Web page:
Summer Time

“Tales Transposed, a Celebration of Imagination” showed in Charleston until July 1.

In late June, I enjoyed giving an artist’s talk on cut-paper collage as a method for interpreting the fiction of Flannery O’Connor.  Assisting with the public education program at the Halsey Institute of Contemporary Art (College of Charleston) has given me great experience talking with all kinds of people.

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Now I’m getting back to some ongoing projects.  Here’s the next stage of the collage that’s part of a series I’m calling “Witches and Wild Things.”  The animals need more definition–the panther’s actually protecting the woman from the porcupine–but this one’s close to being done.

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And I hope to start practicing screen printing again.  To do this I rent space at Redux Studios in downtown Charleston.  Here’s an example; it’s a version of an image in my novel “The Obidian Interval.”

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Redux Studios, a contemporary art space in Charleston with studios,  gallery space, and print workshop, is a wonderful community resource.  Artists are commissioned to paint murals on the side of this former warehouse from time to time.  Check out “Sugarboy Press” for more art like the current mural (photo below).  Then check out the vintage 240 Volvos parked side by side at Redux.  Artists and outdoors people covet these tanks because you can cram so much into the back.  The one next to mine belongs to Austin Grace Smith. Check out her work and that of some other great artists at:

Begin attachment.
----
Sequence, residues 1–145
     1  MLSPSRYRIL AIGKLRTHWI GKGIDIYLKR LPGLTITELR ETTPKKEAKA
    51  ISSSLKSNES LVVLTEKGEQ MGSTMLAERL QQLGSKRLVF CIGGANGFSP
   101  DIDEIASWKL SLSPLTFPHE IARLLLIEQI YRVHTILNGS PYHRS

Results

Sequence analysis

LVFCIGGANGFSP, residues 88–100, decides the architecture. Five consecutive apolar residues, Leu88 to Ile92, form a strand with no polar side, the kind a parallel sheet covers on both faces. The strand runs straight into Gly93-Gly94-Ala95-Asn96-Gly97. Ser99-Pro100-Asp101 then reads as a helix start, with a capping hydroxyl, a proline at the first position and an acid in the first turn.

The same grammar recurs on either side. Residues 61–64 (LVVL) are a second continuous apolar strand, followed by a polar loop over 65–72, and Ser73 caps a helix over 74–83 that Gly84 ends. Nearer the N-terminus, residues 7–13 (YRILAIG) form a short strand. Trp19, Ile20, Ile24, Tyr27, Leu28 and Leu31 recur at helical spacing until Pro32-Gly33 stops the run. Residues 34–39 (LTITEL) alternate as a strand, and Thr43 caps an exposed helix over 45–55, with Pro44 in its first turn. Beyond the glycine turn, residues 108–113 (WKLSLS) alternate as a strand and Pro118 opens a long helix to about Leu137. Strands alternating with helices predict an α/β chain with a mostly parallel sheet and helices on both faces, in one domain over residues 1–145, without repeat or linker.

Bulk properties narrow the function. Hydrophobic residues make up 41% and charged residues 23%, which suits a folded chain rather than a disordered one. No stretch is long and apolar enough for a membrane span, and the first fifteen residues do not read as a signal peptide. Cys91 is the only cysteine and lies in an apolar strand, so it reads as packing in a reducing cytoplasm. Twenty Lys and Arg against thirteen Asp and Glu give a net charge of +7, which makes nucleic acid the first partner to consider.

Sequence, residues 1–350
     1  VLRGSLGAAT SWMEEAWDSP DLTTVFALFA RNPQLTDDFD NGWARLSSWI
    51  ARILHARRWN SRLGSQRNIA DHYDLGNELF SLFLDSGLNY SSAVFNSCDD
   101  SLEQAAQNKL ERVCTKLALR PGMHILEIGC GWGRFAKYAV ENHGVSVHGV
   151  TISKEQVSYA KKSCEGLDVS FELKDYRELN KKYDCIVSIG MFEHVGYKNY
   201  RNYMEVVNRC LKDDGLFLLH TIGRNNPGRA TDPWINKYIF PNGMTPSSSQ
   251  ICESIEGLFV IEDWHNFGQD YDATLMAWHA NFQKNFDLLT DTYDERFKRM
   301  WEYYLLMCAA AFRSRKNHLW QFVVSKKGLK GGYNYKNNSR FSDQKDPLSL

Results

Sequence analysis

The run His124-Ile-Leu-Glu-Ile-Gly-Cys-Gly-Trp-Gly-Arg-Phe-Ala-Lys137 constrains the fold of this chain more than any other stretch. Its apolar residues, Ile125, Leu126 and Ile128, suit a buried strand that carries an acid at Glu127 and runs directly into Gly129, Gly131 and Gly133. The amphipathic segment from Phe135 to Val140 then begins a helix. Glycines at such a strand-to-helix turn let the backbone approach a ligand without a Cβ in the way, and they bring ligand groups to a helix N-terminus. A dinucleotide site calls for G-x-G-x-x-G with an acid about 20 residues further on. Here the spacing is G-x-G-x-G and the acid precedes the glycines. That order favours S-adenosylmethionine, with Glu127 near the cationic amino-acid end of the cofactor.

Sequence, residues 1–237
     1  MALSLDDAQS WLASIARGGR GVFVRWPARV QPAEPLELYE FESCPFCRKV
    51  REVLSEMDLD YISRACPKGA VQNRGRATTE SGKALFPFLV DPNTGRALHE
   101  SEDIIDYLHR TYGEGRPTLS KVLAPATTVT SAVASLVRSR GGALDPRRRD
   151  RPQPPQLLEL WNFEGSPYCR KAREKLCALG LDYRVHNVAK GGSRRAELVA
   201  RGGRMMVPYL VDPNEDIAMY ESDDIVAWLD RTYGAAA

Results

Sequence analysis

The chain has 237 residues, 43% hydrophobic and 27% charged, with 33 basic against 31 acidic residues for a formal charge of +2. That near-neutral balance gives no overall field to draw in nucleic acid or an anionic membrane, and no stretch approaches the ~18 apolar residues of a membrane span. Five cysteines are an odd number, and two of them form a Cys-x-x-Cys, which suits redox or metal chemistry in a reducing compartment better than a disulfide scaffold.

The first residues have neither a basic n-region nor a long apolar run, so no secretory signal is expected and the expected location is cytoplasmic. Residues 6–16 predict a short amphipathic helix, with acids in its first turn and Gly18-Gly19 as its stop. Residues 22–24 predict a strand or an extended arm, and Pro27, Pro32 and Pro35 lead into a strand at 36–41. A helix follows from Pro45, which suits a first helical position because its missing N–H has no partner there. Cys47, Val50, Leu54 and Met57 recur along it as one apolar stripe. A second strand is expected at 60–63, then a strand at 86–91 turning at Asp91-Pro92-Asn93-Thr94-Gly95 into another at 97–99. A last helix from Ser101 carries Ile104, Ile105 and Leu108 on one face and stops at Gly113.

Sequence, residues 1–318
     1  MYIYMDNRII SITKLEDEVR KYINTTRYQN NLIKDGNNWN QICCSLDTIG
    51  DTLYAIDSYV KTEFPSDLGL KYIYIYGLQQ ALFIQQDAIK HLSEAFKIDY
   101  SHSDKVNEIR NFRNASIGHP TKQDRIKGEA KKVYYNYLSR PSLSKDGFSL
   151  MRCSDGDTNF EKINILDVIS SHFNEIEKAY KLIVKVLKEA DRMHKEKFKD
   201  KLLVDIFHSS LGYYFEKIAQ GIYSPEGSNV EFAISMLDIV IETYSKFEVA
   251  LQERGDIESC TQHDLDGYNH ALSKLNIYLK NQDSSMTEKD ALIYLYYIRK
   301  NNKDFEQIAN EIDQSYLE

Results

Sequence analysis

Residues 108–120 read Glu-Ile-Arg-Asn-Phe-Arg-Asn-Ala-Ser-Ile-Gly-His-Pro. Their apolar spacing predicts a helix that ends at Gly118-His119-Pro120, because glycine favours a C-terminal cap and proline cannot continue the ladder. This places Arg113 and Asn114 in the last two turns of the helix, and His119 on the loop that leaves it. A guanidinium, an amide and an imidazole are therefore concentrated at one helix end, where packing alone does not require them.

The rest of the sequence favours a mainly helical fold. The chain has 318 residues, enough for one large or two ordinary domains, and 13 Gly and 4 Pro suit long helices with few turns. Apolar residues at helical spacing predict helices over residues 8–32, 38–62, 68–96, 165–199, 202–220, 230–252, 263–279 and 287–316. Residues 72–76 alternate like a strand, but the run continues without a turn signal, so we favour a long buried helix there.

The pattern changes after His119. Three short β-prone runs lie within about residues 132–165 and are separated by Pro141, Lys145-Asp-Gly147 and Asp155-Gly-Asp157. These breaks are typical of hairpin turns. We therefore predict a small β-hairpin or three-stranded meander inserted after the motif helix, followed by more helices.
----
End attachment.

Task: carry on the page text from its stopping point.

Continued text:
http://reduxstudios.org/studios/current-studio-artists/

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About Lillian-Trettin

I grew up in the Appalachian "Bible Belt" of East Tennessee in the southern United States, listening to banjo music and gospel lyrics as well as the Beatles. As a kid, I was curious about religious rituals like speaking in tongues and snake handling but resistant to the fundamentalist thinking they involved. Flannery O'Connor's tales of religious fanatics, con men, bigots, and the spiritually bereft or ambivalent resonate for me. Despite having traveled widely and lived in other places, I am (as so many Southerners claim to be) permanently "South haunted." I returned to making art full time in 2011, following a career as a teacher, researcher, and consultant and after raising two sons. I’m convinced the delay enriched rather than impeded my growth as an artist.
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One Response to Summer Time

  1. Beth Hannabass says:

    Great to see your new work. Keep posting.

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